Adam Blatner

Words and Images from the Mind of Adam Blatner

Postmodern Words—But Useful

Originally posted on May 12, 2013

I confess that reading postmodernist tracts is confusing and annoying—they assume the readers know their jargon. If that were true, they are truly preaching to the choir, as the saying goes. Still and all, there are some new words that I’ve found to be useful, valid, and worth spreading the word about.

Logocentric: This word describes a culturally pervasive attitude that privileges those who are skilled at being glib with words sort of “better.” (Privileging is another term that suggests that people somewhat unconsciously assume certain things that make one group entitled to certain benefits, even if other groups are not so entitled.)

The problem with being glib is that it is by no means a sign of virtue that one is a “fast talker.” Some lawyers or politicians (many of whom are lawyers) may be morally much worse than an honest farmer. We have a logocentric culture: We pay big salaries to folks who are adept at words, lawyers, teachers, some writers, while people who are good with their hands or with animals or plants get paid poorly.

It’s a product of class and education in the 19th century, but also the underlying fantasy that if one works hard, one can be good with words; and alternatively, those not so good with words did not work hard; their laziness entitles them to a lower socioeconomic status. But this is the underlying prejudice of logocentricity! Many people are naturally good with words, they haven’t particularly worked at it. Other people are naturally not so good with verbal intelligence but are quite clever at types of knowing and doing that don’t involve that domain. Our culture doesn’t recognize this—and it is a terrible oversight!

The irony is that it’s hard to find people who will articulate arguments for the equality of the inarticulate. A logocentric culture runs deep, it is an unconscious bias. But it’s phony!

Historically, a logocentric culture favors laws and regulations that require word-experts, lawyers, etc., to determine “the winners,”—and winning in a logocentric culture is equivalent to “truth.” These values play to unconscious prejudices that grant that words are magically good, when in fact many legal loopholes allow unethical people to commit near-but-not-technical fraud on the less literate. Our logocentric Western culture made it seem “right” that the white man ended up with all the land from the less-logocentric natives of America and other parts of the world.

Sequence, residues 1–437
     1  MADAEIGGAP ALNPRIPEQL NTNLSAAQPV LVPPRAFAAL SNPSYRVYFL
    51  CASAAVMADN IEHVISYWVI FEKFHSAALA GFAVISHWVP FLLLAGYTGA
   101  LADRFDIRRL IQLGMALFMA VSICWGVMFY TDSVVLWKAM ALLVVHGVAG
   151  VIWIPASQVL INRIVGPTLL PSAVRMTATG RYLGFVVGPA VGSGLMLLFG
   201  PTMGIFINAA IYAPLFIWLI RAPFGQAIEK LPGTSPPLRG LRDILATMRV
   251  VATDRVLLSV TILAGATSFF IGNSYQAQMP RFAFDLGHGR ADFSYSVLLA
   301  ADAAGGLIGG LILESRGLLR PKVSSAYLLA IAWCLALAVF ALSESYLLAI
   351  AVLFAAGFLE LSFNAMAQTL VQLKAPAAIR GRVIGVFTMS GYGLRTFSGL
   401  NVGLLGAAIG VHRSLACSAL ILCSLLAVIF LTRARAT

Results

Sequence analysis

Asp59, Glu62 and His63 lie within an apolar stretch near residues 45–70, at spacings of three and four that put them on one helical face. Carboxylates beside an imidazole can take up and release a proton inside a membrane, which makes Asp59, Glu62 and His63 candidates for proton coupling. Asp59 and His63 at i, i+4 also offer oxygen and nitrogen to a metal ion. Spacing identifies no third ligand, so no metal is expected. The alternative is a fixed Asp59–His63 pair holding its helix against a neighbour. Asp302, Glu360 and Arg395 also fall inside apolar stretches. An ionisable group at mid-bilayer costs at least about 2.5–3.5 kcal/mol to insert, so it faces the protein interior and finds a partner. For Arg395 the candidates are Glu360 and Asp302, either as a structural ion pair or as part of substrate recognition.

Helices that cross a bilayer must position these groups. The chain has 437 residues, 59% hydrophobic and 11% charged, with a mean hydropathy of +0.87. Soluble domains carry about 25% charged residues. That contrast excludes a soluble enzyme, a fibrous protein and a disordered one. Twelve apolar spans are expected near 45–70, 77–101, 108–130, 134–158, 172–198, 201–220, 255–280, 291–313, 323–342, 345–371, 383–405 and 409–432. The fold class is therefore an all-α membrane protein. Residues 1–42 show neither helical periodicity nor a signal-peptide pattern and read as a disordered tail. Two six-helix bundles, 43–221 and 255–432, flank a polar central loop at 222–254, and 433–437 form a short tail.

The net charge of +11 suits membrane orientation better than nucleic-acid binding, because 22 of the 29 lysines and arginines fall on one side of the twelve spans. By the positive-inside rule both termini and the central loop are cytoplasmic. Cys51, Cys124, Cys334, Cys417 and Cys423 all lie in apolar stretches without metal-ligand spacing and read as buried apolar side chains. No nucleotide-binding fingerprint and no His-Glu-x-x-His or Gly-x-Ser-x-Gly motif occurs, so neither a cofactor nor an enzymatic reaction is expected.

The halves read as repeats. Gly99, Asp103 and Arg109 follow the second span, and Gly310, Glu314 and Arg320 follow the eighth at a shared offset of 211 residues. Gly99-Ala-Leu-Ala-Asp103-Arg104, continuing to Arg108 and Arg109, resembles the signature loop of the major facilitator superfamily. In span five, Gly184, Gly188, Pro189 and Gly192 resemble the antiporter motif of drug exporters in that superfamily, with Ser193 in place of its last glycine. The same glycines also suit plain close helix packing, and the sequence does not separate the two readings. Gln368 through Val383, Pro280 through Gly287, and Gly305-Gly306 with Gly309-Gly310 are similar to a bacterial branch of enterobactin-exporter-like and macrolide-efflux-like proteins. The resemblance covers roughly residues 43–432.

Discourse is another word that recognizes that the buzz on the street, what’s up, all operates as a social force. Discourse is a category that includes everything—content and advertisements—that happens on the radio, movies, television, DVDs, journals, newspapers, teachers’ lectures, discussion in seminars and study groups, private conversations in the dining room, all sorts of writing, talking, arguing in court, printing in books and magazines,  and newspapers. It’s a good word in putting together media, the expressed and implicit content, the semantics of the words and semiotics of the pictures and format—all are subliminal as well as overt forms of communication.

Rhetoric is a word that relates to discourse: Rhetoric involves anything communicated with an intent—conscious or non-conscious—to persuade another person. One might go so far as to say that almost all expressions that have any expectation of being heard or seen are at least mild forms of rhetoric. They are also performances, to a slight or great degree. It replaces the idea that communications are neutral, that we’re all reasonable here, that I’m just presenting the facts. The term suggests the desire to if nothing else get an audience to go along with a certain line of thinking. “Look!” is a rhetorical statement. It need not be “Vote for me!” or “Buy this.” The point is to sensitize people to the hidden agenda behind the most neutral-seeming statements.

Marginalize similarly appeals to the unconscious mind, partaking of the rhetorical device of “begging the question.” “We’re all intelligent here,” a demagogue might say—begging the question. It’s sort of like the story of The Emperor’s New Clothes: After all, who is courageous enough to admit humbly, “No, I’m not intelligent”?

Marginalize tends to have as its object a class of people: It’s not said explicitly, but it’s assumed that there’s no need to take their needs or preferences into consideration. Servants are marginalized in early 20th century homes. People of color have been marginalized in mass media until the end of the 1960s. Women have been marginalized in thinking about the professions, again that only beginning to change in the last generation. So even today, some journalists and others usually (but not always) innocently marginalize the elderly, the young, those with different sexual orientation, those who are in the minority regarding spiritual orientation, and of course race or ethnicity.

Finally, Caricature: All mother-in-laws are hated and are jealous nags. But that’s just not so, and it becomes often less so as certain values become mainstream. It was assumed that a parent—and this tends to target women more than men—would be jealous and favor their own child. Quite often, though, in-law kids get along with their mothers-in-law as well as if not better than the parent’s biological child. This was a funny joke a few generations ago, but it’s not so funny now. Yet many stereotypes and caricatures persist, about ethnic groups, vocational roles, and various other categories. That’s enough for now.

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